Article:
“First, you need the infrastructure,” Greenberg said. “From there, organizations will evolve in terms of the teams, the titles, the leadership.”

As hospitals and health systems begin developing and implementing more AI tools, it’ll be crucial to have a central person charged with inventorying algorithms, monitoring their performance and sharing lessons across the organization to inform future implementations, Greenberg said. That doesn’t necessarily have to be a leader focused exclusively on AI, but it can be, he said.

Erickson is part of Mayo’s Center for Digital Health and he reports to the medical director, Dr. Bradley Leibovich.

Erickson spent nearly his first year on the job building up a standard process for how clinicians and other staff interested in building AI can do so, he said. That includes preparing data, figuring out when Food and Drug Administration clearance is needed—and, if so, how to achieve that before adding it into clinical care—and how to actually deploy AI algorithms, he said.

A core part of Mayo’s approach is assigning AI liaisons within different clinical departments who can provide feedback on the feasibility of projects and on how to integrate AI into provider workflows.

Mayo is still figuring out the best approach for those specialty-specific AI leaders, so there’s not one consistent title across departments. Within radiology, Erickson serves as scientific director for AI, while the internal medicine department has a vice chair for AI. Multiple departments also have their own AI directors.

Dr. Francisco Lopez-Jimenez, a cardiologist, has served as co-director for AI in Mayo’s cardiovascular medicine department for the past three years.

The path to create that role within cardiovascular medicine mirrors Mayo as a whole. The department realized it had many projects going on related to AI and needed a team to add structure and develop strategy, as well as to guide engineers on how AI may or may not be useful to cardiologists, Lopez-Jimenez said.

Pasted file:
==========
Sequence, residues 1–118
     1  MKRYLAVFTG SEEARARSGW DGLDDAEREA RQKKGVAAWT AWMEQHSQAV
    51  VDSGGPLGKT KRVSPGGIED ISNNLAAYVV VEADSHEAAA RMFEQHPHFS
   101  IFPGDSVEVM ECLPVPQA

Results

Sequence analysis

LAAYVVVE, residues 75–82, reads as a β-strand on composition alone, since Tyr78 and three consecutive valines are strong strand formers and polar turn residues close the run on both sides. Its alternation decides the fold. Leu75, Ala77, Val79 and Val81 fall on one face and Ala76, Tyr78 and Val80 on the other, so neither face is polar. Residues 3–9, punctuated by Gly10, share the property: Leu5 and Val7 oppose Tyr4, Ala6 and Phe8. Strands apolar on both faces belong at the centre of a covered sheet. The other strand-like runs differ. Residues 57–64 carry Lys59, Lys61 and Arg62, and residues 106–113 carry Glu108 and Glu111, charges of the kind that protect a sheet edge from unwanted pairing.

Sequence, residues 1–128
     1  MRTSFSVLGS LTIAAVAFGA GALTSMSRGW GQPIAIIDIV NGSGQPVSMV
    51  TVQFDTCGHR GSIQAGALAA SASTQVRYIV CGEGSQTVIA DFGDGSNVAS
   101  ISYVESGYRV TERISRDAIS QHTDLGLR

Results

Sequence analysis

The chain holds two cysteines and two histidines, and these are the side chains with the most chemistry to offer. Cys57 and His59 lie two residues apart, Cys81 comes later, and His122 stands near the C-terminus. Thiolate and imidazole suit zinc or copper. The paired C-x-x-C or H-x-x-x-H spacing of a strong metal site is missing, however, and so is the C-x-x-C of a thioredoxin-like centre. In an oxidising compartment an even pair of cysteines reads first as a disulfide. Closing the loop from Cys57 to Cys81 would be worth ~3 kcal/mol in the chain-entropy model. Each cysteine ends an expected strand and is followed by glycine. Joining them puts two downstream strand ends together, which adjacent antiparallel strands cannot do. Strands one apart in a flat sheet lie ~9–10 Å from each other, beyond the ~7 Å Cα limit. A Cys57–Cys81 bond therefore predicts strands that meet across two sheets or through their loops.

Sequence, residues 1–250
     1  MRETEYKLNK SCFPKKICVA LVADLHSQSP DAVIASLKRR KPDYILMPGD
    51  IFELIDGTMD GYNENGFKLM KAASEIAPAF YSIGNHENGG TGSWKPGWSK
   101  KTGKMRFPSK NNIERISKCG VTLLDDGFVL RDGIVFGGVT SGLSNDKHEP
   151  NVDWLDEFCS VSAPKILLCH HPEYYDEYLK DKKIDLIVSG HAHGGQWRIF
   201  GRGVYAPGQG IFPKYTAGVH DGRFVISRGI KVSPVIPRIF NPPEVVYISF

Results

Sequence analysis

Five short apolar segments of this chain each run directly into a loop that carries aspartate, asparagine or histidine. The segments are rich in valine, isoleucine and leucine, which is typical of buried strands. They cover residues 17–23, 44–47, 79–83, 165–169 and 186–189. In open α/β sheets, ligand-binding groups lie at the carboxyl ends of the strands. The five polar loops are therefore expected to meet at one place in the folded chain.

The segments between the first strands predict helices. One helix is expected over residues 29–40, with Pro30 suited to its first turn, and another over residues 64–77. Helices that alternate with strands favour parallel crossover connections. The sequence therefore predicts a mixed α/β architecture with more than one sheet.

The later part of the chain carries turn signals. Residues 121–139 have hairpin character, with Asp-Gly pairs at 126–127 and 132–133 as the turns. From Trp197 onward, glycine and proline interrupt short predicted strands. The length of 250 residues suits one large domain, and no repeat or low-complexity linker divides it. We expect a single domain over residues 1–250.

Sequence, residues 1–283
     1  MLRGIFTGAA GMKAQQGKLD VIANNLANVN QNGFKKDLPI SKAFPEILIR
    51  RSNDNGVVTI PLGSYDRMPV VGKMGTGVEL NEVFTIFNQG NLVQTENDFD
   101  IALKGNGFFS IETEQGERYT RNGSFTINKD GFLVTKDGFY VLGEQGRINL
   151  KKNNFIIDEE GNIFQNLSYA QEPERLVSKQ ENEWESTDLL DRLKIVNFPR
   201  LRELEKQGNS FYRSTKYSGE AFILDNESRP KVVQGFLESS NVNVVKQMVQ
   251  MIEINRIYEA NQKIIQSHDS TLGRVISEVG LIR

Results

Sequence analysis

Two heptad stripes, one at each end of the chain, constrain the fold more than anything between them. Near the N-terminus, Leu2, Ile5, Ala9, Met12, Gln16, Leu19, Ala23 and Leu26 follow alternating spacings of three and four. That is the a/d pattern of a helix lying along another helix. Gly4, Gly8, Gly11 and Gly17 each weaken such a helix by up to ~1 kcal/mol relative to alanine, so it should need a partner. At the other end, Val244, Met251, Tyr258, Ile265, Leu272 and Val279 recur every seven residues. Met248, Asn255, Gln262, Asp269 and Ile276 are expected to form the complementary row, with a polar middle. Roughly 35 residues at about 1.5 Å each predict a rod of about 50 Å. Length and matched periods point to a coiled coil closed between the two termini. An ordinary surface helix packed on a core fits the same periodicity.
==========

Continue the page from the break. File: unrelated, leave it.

As a co-director, one of Lopez-Jimenez’s goals is to increase the department’s output of published studies on AI and its AI patents applications, as well as to seek FDA clearance that would let some algorithms they’ve developed be deployed into clinical settings.

Mount Sinai Health System in New York is also formalizing its approach to AI, and hired Thomas Fuchs last year to be dean of AI and human health at the Icahn School of Medicine at Mount Sinai, where he reports to medical school dean Dr. Dennis Charney. Fuchs also serves as co-director of the Hasso Plattner Institute for Digital Health at Mount Sinai.

Fuchs will direct a department of AI and human health within the medial school, which will conduct AI research and work on translating studies into clinical care.

To create a foundation that’s conducive to AI development, it’s important to bring together clinical department heads and bioethics experts, as well as engineers, Fuchs said. His team is also working on setting up cloud infrastructure and a platform where researchers can access patient data from electronic health records, genomics and other sources, which will make it easier for them to create AI tools.

The medical school also is hiring faculty who will specifically focus on AI work.

Fuchs sees his role as dean of AI and human health as serving as a “conduit” to bring together the relevant people and to coordinate AI efforts, while individual AI programs are executed by other departments—building cloud infrastructure, for example, is handled by the senior associate dean for scientific computing and data science at the medical school, Patricia Kovatch.

“AI efforts and machine-learning efforts in healthcare can only be successful if these are true collaborations,” Fuchs said.